When kids get extra help at school, they may worry that they’ll be teased about it or get made fun of. How can you help your child cope with these feelings? What can you say to help your child feel OK? Here are three ideas.
1. “I understand why you’re worried. Kids can be mean sometimes.”
Your first instinct might be to say that other kids won’t notice or care about the extra help. But that’s not reality.
2. “Many other kids have something they need help with, too.”
Kids often think they’re the only ones with challenges. That can make them feel alone. Knowing that other kids have a hard time with things can make your child feel less alone and vulnerable.
Explain that if kids tease, it may be because they’re struggling with their own challenges. Role-play with your child to come up with things to say when kids tease.
3. “Kids may not understand why you get extra help. Maybe you can explain.”
Being able to speak up and explain their challenges builds self-esteem and lets kids feel some control over the situation. It may also cut off teasing before it has a chance to start.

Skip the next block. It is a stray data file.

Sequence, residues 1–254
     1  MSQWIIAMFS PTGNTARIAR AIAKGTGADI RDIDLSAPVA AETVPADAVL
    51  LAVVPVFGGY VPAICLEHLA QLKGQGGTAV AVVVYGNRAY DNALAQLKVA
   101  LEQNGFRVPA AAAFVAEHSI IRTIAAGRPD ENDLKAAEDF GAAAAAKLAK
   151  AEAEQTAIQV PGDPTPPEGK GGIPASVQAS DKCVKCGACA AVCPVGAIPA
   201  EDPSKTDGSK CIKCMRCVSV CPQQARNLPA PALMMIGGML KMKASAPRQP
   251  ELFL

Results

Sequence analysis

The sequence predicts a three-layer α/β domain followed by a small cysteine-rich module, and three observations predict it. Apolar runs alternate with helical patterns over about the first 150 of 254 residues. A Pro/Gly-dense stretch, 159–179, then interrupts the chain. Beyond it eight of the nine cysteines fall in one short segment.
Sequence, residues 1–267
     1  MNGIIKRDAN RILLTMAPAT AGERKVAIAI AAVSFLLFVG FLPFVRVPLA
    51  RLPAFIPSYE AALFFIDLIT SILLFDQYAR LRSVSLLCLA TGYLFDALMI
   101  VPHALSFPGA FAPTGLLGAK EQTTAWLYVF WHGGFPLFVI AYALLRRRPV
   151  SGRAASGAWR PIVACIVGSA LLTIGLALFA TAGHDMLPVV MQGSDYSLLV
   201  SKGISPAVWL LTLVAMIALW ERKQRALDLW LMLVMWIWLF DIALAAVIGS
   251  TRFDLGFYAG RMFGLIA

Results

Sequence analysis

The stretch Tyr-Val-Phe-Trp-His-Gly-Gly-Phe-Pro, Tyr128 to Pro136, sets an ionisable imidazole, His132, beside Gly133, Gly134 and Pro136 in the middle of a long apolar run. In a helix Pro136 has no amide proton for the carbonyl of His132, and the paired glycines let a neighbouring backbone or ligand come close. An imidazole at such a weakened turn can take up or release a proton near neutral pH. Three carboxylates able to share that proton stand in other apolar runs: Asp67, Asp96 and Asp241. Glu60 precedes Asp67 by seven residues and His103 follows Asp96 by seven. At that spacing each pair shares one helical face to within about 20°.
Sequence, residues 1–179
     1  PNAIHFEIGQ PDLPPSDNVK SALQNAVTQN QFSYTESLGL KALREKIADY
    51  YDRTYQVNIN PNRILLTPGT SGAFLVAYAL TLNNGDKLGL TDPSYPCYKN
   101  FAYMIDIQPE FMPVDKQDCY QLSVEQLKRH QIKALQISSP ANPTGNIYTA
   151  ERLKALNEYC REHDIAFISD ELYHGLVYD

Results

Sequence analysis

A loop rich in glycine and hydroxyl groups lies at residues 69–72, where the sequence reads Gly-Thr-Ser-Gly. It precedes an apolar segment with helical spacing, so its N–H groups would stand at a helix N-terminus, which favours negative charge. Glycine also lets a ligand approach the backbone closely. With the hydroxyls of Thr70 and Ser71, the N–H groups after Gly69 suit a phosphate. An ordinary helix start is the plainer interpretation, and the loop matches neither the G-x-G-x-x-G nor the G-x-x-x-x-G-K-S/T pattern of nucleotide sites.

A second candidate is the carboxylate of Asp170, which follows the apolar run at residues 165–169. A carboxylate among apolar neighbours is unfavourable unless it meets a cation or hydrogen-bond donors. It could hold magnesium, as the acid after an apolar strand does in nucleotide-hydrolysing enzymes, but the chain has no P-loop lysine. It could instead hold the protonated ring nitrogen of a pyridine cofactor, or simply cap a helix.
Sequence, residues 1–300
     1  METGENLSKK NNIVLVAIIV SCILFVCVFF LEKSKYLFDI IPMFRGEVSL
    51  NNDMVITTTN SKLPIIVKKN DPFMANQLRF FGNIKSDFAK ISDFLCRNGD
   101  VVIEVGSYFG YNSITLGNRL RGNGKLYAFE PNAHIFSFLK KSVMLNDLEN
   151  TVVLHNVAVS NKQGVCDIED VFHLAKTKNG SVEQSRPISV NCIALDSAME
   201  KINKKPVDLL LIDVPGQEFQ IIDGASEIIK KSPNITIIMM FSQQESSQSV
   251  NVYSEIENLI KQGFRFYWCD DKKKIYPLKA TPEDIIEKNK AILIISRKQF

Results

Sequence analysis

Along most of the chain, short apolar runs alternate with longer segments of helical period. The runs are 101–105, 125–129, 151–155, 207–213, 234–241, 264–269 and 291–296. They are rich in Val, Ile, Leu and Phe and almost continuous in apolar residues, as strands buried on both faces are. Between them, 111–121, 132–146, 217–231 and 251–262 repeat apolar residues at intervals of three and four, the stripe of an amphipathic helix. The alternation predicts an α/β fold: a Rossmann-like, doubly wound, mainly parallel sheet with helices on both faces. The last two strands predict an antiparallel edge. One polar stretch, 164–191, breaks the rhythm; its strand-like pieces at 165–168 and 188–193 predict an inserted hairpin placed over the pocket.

Talk openly at home about what your child struggles with and how extra support will help. And point out your child’s strengths, so it’s not all about challenges.
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About the author
About the author
The Understood Team is made up of passionate writers and editors. Many of them have kids who learn and think differently.
Amanda Morin is the director of thought leadership at Understood and author of “The Everything Parent’s Guide to Special Education.” She worked as a classroom teacher and early intervention specialist for more than a decade.